Black patients should start screening early for glaucoma, because they have a high risk of vision loss caused by elevated pressure levels inside the eye, researchers say.
A team from New York Eye and Ear Infirmary of Mount Sinai found that African heritage was an independent risk factor for primary open angle glaucoma, the most common form of the disease.
Glaucoma, a condition of increased pressure within the eye, is the leading cause of blindness in the United States. It typically has no symptoms until patients have permanent vision loss.
Researchers said they suspect the disease begins one to two decades earlier in Black people than in other ethnic and racial groups.
"This study has tremendous implications for glaucoma screening of Blacks, who we already knew were a population at increased risk of glaucoma," said senior author Dr. Louis Pasquale, deputy chair for ophthalmology research at Icahn School of Medicine at Mount Sinai in New York City.
"Screening earlier in life could significantly increase the chance of detecting glaucoma and slowing down progression before it reaches one of the advanced patterns shown in our research," he said in a school news release.
The researchers analyzed data from 210,000 participants in three long-term health studies that began in the 1980s. All people were over age 40 and none had glaucoma when they joined their studies. Every two years, they provided information on their lifestyle, diet and medical status, including glaucoma diagnosis.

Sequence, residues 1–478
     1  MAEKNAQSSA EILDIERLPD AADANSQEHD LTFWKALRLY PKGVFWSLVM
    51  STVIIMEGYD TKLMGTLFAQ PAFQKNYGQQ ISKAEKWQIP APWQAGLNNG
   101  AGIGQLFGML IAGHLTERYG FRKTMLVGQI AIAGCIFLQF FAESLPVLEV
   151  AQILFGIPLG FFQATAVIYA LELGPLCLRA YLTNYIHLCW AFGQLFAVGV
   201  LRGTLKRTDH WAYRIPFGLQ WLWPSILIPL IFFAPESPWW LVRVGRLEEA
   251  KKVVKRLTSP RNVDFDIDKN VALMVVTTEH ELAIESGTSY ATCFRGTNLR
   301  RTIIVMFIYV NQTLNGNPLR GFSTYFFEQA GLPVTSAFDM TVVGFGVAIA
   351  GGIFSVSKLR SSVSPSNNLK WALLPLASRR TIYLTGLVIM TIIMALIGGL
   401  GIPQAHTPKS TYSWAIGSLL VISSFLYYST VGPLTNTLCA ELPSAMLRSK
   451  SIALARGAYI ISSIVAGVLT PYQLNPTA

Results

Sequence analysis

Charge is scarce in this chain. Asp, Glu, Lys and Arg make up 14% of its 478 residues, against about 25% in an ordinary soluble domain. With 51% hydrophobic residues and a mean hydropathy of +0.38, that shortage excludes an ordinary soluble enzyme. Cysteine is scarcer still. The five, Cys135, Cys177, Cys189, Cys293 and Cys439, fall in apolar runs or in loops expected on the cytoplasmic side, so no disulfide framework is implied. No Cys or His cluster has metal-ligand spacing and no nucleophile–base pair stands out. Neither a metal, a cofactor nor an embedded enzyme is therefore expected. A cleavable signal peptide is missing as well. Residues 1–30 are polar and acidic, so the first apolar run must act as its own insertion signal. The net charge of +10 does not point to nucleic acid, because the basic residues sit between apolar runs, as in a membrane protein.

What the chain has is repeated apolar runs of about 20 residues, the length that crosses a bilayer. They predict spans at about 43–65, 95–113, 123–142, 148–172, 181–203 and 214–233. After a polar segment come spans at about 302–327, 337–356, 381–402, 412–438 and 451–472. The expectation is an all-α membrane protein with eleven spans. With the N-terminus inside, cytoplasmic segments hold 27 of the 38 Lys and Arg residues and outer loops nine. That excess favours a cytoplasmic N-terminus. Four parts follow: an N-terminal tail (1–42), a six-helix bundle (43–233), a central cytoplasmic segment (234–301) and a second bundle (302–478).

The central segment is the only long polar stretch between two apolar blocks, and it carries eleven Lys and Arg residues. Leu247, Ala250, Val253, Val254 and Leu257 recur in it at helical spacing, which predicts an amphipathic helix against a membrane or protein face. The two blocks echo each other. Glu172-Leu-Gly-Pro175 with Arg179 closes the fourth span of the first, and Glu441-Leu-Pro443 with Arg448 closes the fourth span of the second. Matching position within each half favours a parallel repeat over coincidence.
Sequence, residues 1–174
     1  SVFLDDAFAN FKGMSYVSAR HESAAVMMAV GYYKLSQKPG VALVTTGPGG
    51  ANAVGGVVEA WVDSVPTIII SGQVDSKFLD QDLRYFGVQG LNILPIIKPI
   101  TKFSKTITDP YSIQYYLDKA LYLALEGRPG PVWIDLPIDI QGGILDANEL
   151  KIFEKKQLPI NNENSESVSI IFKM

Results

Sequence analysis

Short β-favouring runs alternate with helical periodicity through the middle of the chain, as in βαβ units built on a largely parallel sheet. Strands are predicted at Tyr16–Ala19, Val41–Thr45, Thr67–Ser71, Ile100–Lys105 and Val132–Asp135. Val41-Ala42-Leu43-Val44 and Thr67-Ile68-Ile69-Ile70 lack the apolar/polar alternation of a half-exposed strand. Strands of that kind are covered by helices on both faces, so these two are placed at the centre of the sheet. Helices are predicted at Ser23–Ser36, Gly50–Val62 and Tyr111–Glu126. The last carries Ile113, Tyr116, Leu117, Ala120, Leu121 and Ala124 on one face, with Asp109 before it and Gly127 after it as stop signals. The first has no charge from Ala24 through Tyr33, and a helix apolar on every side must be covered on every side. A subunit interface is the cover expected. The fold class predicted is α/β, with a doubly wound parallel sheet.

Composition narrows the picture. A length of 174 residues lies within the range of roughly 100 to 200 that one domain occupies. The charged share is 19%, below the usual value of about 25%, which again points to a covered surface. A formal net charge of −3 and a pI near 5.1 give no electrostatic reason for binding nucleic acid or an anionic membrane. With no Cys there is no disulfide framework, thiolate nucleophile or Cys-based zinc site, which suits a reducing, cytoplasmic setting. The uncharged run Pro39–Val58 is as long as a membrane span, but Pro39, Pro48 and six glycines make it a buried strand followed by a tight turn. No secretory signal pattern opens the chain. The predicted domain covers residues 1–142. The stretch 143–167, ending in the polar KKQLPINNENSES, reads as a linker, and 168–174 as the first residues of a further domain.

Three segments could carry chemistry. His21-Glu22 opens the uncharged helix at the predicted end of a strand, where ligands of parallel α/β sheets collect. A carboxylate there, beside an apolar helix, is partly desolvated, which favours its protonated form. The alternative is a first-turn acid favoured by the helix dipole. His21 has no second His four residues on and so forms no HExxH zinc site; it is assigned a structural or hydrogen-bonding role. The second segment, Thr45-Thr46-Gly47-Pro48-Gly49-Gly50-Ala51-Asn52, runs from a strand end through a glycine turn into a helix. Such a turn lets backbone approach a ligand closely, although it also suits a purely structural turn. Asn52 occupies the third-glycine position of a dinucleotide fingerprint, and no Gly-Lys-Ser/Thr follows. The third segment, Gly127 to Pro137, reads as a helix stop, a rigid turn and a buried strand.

Over the years, 1,946 patients developed glaucoma.
Researchers used a type of artificial intelligence called archetype analysis to analyze their earliest record of visual field loss, meaning that vision in some areas is not as sensitive as usual.
The analysis identified 14 archetypes -- four representing advanced loss patterns; nine of early field loss, and one of no visual field loss.
While Black participants made up 1.3% of the study population, compared to white folks, they had nearly double the risk for early vision loss, and six times the risk for more advanced loss.
About 1.2% of participants were Asian. They had nearly twice the risk for early visual field loss compared to white patients but a similar rate of advanced visual field loss.
About 1.1% of the study participants were Hispanic. They were found to be at risk of initial loss near the center of their visual field.
"This study started decades ago in three health professional cohorts that were not as diverse as current numbers -- and if we collected more representation of people of color, the results would likely be even more profound," Pasquale said. "African descent is a risk factor for glaucoma blindness, and this work provides insight into why that might be the case."
He said researchers now need to tease out the specific risk factors for the different patterns of visual loss seen in glaucoma patients, including genetic and environmental factors.
The findings were published July 25 in the journal Translational Vision Science & Technology.
The U.S. National Eye Institute has more on glaucoma.
SOURCE: Mount Sinai Hospital/Mount Sinai School of Medicine, news release, July 25, 2022